Whiskey Point

Here’s an alternate version (explained below) and a ballista token I made for no specific reason.

Whiskey Point is a ruined fort and lighthouse which has been reclaimed by pirates, who patched it up and now run a black market from inside its walls. Other pirates come here to fence their loot and have a few drinks before getting back to work.

The alternate version only has one difference: at the top of the lighthouse, instead of a pyre, there’s a crystal. In this version, the idea is that the lighthouse is actually an arcane weapon that fires powerful beams of light. Should you use this version of the map? Look, I’m not trying to tell anyone how to run their game, but I just want to say two words to you, okay? Just two. Laser pirates.

Next up is Brazenthrone‘s Mushroom Farms. It won’t just be a cave full of mushrooms. It’s also where most of the city’s breweries are. And it’s where all the city’s funerals are held, since it’s the farthest downriver and the dwarves of Brazenthrone do Viking-style funerals. That’s where the deceased is placed on a boat, then the boat is lit on fire and sent down the river. Dwarves aren’t known for their love of boats, but they do live under a mountain and they can’t have dead people stinking up the place.

All those dungeons and not a single dragon until today.


You can download the tokens from Google Drive or from patreon.

If you were in need of tokens for dragons or flying mounts, you should be all set. Personally, I haven’t used a dragon in my game in a pretty long time. Like, years at least. I mean, sure, dragons are cool and all, but they’re not as essential to D&D as the name would have you believe. Dungeons? You do usually need those. Dragons? Highly optional.

Anyway, I’m gonna get back to work on Brazenthrone! Hope you like the tokens!

All the tokens I’ve made for my game and a few more.

Download all the tokens or just the new ones.

These are all the tokens I’ve made since my game went online in April. The second image is the new ones. I don’t know how useful a lot of them are going to be for a lot of people, but if you really, REALLY needed a token of a horse-drawn sleigh, well, you’re welcome.

My game is going to some pretty strange places. I’m running the Illithiad trilogy and I’m currently on the second part, Masters of Eternal Night. Basically, the players need to go to a crater, dig up an old spelljammer and get it running again so they can blow up a mind flayer death star. They’re going to meet some Gith, kill a giant alien spider and get chased around by some mind flayers in a sleigh. Hopefully no one gets their brain eaten by Tentacle Santa, but we’ll see.

The Great Garden is all drawn and inked and I should have it colored and done in a couple days. Until then!


Here are the tokens.

I’m running a 2e module called “A Darkness Gathering,” which… hang on a second–


Right, let’s just get that out of the way. So, it’s the first of a three-part series of modules where the party discovers a mind flayer plot to darken all the suns in the universe. It’s actually quite a bit more complicated than that, but that’s the gist of it.

So, in the first part, the players discover the plot. In the second, they have to find and repair an illithid spelljammer. And in the third, they travel to the mind flayers’ homeworld, find an artifact, kick in the door of the sun-destroying machine and blow it up. Then they walk away from the explosion in slow motion. Wearing sunglasses.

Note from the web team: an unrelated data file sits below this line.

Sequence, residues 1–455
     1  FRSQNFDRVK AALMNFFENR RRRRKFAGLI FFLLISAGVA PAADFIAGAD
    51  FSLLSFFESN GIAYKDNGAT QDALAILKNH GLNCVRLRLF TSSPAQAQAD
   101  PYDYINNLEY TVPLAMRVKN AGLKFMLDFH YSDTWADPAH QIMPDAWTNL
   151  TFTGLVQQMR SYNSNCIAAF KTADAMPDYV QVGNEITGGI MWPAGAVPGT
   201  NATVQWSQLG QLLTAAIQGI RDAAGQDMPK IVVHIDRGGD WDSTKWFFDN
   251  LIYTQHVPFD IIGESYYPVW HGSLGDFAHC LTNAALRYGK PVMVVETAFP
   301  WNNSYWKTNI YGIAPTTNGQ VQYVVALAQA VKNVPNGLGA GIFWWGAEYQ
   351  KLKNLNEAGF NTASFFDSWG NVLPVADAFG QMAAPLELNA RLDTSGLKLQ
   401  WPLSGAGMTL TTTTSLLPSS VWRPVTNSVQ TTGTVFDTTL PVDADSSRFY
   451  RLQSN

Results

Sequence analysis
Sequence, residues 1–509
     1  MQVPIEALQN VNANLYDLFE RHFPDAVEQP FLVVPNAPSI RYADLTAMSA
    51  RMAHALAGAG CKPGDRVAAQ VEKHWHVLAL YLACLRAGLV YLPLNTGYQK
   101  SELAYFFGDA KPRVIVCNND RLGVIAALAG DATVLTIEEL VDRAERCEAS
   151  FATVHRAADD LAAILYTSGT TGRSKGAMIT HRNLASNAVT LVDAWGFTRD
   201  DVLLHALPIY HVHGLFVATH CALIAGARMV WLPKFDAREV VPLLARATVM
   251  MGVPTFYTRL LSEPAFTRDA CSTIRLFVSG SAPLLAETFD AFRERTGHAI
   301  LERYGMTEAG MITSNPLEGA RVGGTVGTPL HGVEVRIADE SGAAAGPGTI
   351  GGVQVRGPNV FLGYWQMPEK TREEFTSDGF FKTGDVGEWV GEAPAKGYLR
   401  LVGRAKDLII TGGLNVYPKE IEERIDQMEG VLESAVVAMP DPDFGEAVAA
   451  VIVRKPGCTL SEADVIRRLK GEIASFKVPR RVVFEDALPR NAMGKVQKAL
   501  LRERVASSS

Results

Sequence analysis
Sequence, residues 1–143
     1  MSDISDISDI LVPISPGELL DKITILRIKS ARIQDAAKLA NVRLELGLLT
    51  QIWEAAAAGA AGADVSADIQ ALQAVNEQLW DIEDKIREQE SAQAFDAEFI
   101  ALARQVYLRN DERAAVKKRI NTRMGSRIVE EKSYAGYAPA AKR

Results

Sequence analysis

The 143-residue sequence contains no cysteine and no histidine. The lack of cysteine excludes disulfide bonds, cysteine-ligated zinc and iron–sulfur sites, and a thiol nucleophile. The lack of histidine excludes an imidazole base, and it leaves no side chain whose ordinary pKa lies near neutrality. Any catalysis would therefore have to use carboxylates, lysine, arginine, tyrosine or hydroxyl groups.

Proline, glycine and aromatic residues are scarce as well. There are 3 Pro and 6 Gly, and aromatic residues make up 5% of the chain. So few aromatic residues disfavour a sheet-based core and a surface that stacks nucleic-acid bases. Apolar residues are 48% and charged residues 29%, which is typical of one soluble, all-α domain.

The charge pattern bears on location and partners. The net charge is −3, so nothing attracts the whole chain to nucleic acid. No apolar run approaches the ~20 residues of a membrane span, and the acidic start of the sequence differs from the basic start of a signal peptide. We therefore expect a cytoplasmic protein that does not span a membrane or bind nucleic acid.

It’s a great story and I’ve wanted to run it for a long time. And now I am. Feels good man.

More tokens from my game. The party is in Chult, which means we are go for dinosaur cavalry.

These tokens are huge spoilers for my game, but I’ve banned my players from my site and my patreon so I can give them to you. Download them from my patreon here or from my Google Drive.

The party is deep in the jungles of Chult, having just found their way to the Hidden Shrine of Tamoachan. If you’re running that, this is nearly all the tokens you need, by the way. The dinosaur cavalry is something I made for an encounter along the way. The party’s paladin is a jungle dwarf who worships Thard Harr and he just got Find Steed, so I decided to give him a deinonychus, which is the smaller of the dinosaurs up there. It’s powerful, sure, but it’s one of those things that’s going to be much less of a big deal in a few levels. Plus, I’m a very stingy DM when it comes to magic items, so there’s room to do stuff like this.

My philosophy with magical stuff is, when I give the party an item, I want it to be meaningful and I want them to feel special for having it. I don’t want a player to check if this magic sword is better than their current magic sword. I want them to go, “Holy crap, I have a magic sword!”

While I don’t give the PCs magic items often, when I do, they are the hotness and I don’t think it underpowers the party much. One side effect is that everyone can get through their turns quicker in combat because they know what their options are. It takes forever when players have to look over a thousand different options every turn because their gloves can cast three different spells, their axe can cast two, their ring can cast four and their other ring lets them do some other crap.  When a player only gets a new item every 6-8 sessions at most, they have time to learn what it does and they can keep track of their options more easily. The barbarian isn’t the only one who can get through their turn in under a minute (“Groknar frenzy. Groknar smash monster with axe forty-seven times. Groknar finished”).

Anyway, that’s how I handle it. I’m interested to hear your thoughts about it if you have any or if you do things differently and it works out for you.

The High Temple of Mystra is coming along. It’s about halfway inked and it should be done by the weekend. It’s a big one. All right, I’m gonna get back on it!